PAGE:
>From: Eric Schoville <schovill at expert_cc.purdue.edu>
>Which type of sand should I use for my aquarium.  There are three
>types that I know of, Silica sand, Crushed coral or beach sand, and
>the Play sand that they sell at hardware stores.  Alternatively I could
>collect some form a local creek.  
>Also, which fertilizers should I use in the substrate.  Is there an 
>inexpensive source for Laterite, or do people recommend that I put
>a layer of potting soil beneath the sand.


IMO, there is no "right" answer for either of these questions.

Most modern hobbyist books recommend gravel that is 2-3 mm in size
(about 1/8").  The reasoning is that finer substrate (say sand) will
compact down, making it difficult for plant roots to penetrate, and
also making it difficult to keep the soil aerated so you don't get any
dead spots.  Use larger-sized gravel, the books say, and the plant
won't be able to anchor itself well.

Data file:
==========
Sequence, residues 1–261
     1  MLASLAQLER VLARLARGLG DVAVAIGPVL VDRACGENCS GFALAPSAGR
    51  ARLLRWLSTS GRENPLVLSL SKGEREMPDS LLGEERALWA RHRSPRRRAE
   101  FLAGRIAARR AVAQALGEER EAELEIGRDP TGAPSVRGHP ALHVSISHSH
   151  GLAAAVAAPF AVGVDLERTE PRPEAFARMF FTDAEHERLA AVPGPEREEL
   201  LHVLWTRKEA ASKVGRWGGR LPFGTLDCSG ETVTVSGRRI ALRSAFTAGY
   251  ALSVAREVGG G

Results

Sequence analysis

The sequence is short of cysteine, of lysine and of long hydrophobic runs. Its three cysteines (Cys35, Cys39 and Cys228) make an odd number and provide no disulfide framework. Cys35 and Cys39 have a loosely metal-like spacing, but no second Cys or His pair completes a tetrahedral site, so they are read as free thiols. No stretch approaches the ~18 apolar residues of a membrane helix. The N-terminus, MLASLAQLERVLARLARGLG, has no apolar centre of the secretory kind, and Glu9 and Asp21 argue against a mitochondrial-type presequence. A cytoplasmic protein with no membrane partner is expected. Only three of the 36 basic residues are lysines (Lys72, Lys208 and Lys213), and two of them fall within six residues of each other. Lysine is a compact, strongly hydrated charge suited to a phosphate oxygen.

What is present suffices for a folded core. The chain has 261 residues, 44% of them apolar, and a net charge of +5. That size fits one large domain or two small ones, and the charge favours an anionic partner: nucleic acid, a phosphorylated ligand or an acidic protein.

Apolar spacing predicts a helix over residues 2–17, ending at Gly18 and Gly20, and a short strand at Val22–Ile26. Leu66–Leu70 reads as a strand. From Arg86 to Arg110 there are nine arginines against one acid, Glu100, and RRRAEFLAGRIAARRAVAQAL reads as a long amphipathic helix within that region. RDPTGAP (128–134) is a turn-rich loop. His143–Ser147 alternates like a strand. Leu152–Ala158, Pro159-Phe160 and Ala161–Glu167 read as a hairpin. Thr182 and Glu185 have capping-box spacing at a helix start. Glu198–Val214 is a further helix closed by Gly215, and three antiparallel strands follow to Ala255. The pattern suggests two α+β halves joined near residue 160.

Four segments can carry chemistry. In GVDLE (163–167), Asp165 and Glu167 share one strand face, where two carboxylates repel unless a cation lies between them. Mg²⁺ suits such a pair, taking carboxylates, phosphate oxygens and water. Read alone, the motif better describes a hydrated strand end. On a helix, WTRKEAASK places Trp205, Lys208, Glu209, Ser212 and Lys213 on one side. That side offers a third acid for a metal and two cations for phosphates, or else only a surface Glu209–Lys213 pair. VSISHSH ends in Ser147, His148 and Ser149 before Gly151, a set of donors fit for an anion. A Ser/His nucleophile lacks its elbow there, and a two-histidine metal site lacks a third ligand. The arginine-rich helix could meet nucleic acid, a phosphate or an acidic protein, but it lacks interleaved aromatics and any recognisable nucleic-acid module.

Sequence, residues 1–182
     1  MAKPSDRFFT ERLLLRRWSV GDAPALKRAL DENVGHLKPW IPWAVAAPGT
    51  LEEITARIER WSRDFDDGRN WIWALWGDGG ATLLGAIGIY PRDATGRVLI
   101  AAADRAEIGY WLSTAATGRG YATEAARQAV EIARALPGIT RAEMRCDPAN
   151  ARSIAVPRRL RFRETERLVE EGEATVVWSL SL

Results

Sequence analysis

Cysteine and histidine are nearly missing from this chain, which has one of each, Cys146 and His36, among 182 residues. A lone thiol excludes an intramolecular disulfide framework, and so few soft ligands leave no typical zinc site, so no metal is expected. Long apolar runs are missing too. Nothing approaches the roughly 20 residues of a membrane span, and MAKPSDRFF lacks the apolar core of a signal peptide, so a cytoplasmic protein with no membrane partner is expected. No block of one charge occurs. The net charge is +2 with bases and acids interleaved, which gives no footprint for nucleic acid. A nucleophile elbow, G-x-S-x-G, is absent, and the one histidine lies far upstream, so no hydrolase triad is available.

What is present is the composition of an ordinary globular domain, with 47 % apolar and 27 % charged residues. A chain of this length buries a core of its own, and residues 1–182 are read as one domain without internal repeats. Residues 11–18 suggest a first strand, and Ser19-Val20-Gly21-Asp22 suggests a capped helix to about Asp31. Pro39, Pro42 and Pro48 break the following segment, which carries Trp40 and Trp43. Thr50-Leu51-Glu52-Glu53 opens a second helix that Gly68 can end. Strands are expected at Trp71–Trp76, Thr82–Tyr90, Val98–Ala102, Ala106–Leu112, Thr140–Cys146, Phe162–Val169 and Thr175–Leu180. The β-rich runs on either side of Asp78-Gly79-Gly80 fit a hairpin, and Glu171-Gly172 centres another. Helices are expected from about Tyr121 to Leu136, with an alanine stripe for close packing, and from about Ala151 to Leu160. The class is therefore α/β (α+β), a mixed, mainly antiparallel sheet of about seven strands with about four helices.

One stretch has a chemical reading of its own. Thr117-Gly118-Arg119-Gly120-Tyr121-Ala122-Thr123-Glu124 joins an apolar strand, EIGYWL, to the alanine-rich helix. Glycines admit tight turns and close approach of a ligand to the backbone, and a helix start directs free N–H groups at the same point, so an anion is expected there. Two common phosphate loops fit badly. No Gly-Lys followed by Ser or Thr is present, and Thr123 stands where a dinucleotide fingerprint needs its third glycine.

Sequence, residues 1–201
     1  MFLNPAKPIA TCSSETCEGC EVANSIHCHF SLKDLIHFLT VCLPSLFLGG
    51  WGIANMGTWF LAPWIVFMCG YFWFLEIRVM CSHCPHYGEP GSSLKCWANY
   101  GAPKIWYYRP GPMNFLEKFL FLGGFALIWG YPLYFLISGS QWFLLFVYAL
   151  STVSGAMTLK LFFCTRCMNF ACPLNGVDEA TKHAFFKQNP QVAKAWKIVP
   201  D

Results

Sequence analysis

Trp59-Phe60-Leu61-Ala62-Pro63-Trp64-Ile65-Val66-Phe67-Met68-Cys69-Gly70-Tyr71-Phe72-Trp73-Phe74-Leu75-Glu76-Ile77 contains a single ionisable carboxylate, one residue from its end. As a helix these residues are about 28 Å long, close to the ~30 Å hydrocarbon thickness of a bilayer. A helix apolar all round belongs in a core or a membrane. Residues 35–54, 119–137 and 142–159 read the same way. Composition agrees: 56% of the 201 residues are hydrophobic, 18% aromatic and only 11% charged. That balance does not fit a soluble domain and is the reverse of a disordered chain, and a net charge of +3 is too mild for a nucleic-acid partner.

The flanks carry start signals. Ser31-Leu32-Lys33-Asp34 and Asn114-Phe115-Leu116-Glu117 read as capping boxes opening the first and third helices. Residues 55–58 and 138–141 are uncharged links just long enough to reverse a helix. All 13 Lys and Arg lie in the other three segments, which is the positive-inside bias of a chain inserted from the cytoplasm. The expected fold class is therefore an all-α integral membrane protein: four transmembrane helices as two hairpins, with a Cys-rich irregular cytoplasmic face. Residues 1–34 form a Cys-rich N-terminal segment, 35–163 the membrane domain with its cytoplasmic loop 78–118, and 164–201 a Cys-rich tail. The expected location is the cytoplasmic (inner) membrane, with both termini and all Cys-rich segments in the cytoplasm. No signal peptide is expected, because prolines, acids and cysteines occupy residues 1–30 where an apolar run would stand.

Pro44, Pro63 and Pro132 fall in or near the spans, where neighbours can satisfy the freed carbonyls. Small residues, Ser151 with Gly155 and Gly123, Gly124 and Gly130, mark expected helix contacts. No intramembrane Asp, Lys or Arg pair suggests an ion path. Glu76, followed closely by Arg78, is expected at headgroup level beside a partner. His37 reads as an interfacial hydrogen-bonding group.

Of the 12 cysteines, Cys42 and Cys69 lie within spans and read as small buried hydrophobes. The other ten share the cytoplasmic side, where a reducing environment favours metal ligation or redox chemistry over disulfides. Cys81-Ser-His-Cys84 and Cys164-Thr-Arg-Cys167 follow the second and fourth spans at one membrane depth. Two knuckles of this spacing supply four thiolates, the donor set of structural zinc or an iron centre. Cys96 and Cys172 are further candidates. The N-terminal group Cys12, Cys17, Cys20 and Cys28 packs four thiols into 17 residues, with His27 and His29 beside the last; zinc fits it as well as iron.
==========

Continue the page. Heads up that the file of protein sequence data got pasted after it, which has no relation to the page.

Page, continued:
But there are people who use fine sand, and people who use larger
gravel.  Neil Frank wrote recently in The Aquatic Gardener that Amano
(who wrote the book "Nature Aquarium World") uses larger gravel.

I was talking to Diana Walstad (technical editor of the Aquatic
Gardener) and she told me that the people in academia almost
exclusively use soil to grow their plants. Diana is the only person I
know who reads academic publications, and I believe her information is

As far as substrate additives are concerned, there is also quite a
diverse range of opinions among people who are quite successful at
growing plants.  Potting soil, cow manure, garden soil, laterite or
baked clay, everything has its advocates.  Neil Frank recently posted
comparisons of different substrate materials, and as you would guess,
they vary widely in nutrient content and other properties.

If you want a system that can be counted on, personal opinion is that
the Dupla approach is the best bet.  But in my experience, and that of
others who used Dupla laterite and gravel without substrate heating or
UGFs, the tank produces good results for about a year, and then begins
to deteriorate.

Unfortunately, there is no inexpensive commercial source for laterite.
Aquarium Pharmaceuticals used to sell laterite, but it seems to be no
longer available, so Dupla is the only source.